|Soup for the soul|
Today is a good day to be inside puttering away in the kitchen. With an upcoming trip to the Yucatan only weeks away I am dreaming of my first real sojourn many years ago. Greece is thousands of kilometres from the Yucatan but it was the vision of sun-drenched beaches and the need for something soothing with what I had on hand that instigated my endeavours. Today in my own kitchen I am taking an armchair journey and replicating an iconic Greek soup that can be found in almost every taverna in Greece; at least that would be my expectation. I remember as if it were yesterday being in a taverna in the mountainous regions of Greece in the tiny town of Metsovo in the northern most part of the Zagoria region. I was in the central square near the orthodox church nursing a lingering cold with a tasty version of this soup. Early evening had been a wonderful time to arrive. As we descended through the mist, dazzling lights twinkled in the ravine. Stone houses with grey slate roofs and sharply projecting balconies lined the steep serpentine alleyways. An oasis off the square promised a tasty bite or two to nourish my soul and my weary body while savouring every bite of the local version of Avgolemono. A frugal soup that can be made in a pinch with what is on hand.
Sniffling I observed the elderly men sitting on a bench lined up like crows in black flat caps, dark baggy pants and wooden shoes. The older women coming from the market with their freshly picked garden greens wore dark blue or black with embroidered trim and brightly coloured aprons, jackets and scarves.
Growing up in a British household this is not the chicken noodle soup I grew up with, but nevertheless this iconic Greek chicken-egg-lemon soup has been a favourite of many children for millennia. It is hearty and cheering on a windswept, winter day as the mercury rises. On top of being a wonderfully warming high-protein soup, it is surprisingly easy to make! Some orzo is simmered in the stock until tender, the yolks and lemon juice are tempered by some of the warmed stock. The eggs soften the acidity of the lemon, which leads off the flavour profile of this heartwarming soup. This is a quick weeknight version that does not require hours on the stove.
In the event, the soup is too lemony or thick for your tastes, you can thin it with another cup or two of chicken stock. If you prefer a thicker soup, reduce the amount of stock by a cup or two.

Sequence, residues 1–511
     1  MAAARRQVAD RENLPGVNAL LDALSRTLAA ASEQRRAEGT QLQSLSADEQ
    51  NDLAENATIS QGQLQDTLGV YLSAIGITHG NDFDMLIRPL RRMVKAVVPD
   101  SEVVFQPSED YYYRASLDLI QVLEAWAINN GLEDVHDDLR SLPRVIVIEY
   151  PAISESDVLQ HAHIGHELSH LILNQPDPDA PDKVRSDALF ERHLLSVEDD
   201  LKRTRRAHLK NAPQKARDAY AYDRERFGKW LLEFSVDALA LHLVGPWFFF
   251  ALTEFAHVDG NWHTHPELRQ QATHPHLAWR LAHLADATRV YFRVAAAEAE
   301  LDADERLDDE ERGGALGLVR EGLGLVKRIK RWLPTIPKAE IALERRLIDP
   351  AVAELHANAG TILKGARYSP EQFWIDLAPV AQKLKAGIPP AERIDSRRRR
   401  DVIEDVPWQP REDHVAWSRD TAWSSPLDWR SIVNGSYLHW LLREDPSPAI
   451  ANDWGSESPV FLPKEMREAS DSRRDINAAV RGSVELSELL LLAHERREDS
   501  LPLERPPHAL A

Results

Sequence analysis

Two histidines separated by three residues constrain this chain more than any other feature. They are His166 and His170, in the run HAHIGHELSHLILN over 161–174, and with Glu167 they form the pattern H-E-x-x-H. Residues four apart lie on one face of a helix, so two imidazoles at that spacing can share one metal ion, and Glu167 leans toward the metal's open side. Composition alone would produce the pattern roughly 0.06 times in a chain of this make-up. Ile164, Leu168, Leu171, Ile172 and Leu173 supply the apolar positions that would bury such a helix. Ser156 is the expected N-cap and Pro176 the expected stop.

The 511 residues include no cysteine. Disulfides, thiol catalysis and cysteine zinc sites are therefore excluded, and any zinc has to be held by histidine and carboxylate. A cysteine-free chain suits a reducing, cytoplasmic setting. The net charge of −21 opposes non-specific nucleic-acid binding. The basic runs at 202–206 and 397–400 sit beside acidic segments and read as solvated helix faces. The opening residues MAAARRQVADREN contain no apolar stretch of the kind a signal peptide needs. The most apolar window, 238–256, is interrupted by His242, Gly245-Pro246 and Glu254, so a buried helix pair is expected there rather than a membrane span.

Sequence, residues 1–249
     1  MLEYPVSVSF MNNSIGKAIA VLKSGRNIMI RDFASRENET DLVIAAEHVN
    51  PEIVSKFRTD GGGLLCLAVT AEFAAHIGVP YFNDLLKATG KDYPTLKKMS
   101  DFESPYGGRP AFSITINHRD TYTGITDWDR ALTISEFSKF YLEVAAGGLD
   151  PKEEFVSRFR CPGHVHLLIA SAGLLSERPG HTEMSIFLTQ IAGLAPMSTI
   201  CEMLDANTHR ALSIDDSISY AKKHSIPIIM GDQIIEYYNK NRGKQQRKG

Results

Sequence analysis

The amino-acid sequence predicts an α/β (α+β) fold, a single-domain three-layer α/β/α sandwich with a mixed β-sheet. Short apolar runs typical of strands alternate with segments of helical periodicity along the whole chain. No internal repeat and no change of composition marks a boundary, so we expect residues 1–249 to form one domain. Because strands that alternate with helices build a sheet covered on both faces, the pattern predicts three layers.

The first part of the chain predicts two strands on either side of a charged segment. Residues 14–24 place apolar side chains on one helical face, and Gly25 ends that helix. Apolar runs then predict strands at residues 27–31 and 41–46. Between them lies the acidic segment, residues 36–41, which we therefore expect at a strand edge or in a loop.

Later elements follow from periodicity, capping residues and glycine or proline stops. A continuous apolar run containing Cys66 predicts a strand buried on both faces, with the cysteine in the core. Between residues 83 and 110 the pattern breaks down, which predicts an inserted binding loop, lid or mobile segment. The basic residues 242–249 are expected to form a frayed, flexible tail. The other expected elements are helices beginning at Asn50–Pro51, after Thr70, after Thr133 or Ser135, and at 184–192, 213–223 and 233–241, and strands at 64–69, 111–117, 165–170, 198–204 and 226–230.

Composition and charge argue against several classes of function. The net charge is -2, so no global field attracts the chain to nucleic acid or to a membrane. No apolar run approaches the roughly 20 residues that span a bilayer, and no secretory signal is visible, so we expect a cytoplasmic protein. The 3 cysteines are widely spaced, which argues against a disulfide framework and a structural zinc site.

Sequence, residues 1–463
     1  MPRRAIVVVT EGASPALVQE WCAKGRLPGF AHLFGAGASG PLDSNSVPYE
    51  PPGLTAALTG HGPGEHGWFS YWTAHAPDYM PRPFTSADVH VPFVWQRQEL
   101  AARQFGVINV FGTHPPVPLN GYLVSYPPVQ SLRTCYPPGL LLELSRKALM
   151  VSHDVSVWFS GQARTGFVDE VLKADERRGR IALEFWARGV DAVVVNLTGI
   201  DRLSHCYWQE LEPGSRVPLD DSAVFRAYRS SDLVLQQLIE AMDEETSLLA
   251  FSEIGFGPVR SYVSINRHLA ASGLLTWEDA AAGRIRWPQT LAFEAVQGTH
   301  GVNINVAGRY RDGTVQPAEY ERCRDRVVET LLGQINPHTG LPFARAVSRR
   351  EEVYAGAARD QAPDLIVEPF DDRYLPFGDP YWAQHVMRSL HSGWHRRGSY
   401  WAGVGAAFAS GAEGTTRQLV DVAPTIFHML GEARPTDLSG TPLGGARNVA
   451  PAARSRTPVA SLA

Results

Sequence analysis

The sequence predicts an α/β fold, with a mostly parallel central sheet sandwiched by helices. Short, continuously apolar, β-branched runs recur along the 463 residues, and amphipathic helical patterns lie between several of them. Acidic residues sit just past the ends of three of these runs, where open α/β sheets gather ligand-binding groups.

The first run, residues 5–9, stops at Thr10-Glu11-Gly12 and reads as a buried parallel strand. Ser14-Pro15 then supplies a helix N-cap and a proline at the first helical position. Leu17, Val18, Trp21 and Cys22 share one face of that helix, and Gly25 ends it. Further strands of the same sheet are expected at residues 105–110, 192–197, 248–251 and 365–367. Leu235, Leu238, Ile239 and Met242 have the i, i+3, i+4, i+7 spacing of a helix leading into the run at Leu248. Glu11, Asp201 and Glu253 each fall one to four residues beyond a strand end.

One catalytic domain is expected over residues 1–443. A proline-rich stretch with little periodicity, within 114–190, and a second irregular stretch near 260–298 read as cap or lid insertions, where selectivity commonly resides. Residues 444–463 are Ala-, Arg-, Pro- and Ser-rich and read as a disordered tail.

Fresh parsley and/or dill are more than garnish with this soup. Don't skip it and take your own armchair journey.
** Greek Avgolemono (Chicken Lemon) Soup**
2 tablespoons olive oil
1/2 half medium onion, diced small
2 cloves garlic, smashed
2 stalks of celery, diced small
2 large carrots, diced small
8 cups chicken stock* (3 quarts)
2 bay leaves
3 sprigs of thyme
1 cup starchy rice such as Arborio (for a gluten free version) or orzo pasta
1 to 2 teaspoons salt, divided
3 eggs, whisked
1/2 cup fresh lemon juice ( juice of 2 lemons)
1 teaspoon black pepper
Fresh parsley or dill
Cut chicken breasts into large pieces (2 to 3 inch pieces, about the same thickness). Season pieces on both sides generously with salt and pepper. Set aside.
In a large pot, heat olive oil on medium heat. Add the diced onion, celery and carrots. Saute for about two minutes. Add garlic. Add a little more olive oil if necessary and add the chicken breast pieces. Lightly brown the chicken on both sides, stirring vegetables to avoid over browning.
Add chicken stock, rice (or orzo), bay leaves and sprigs of thyme and 1 teaspoon salt (depending on the saltiness of your stock). Bring to a slow boil, then reduce heat to low. Simmer for about 15 – 20 minutes until chicken and rice (or orzo) are cooked.
Turn the soup down to low. Remove 1 cup broth and set aside in a separate small bowl. Allow to cool slightly. Remove chicken from the soup with tongs and shred the meat with a fork. Set aside. (This will make about 3 cups of shredded chicken).
In a separate medium bowl, whisk the eggs. To this add 1/2 cup lemon juice. Whisk in about 1/4 cup of the chicken stock that was set aside to cool into the egg mixture to temper the eggs. This prevents the eggs from curdling. Add the remaining 3/4 cup stock slowly as you continue to whisk.
From the soup pot remove the bay leaves and the sprigs of thyme. Take the egg/lemon mixture and slowly add it to the large pot of soup that is simmering on low, whisking quickly to incorporate.
Return the shredded chicken to the pot until heat through. Add the black pepper and adjust the salt if necessary. Serve hot and top with fresh parsley or dill. Avgolemono will thicken as it sits.
You are reading this post on More Than Burnt Toast at http://morethanburnttoast.blogspot.com. Excerpts and links may be used, provided that full and clear credit is given to the author/owner of More Than Burnt Toast. All rights reserved by Valerie Harrison.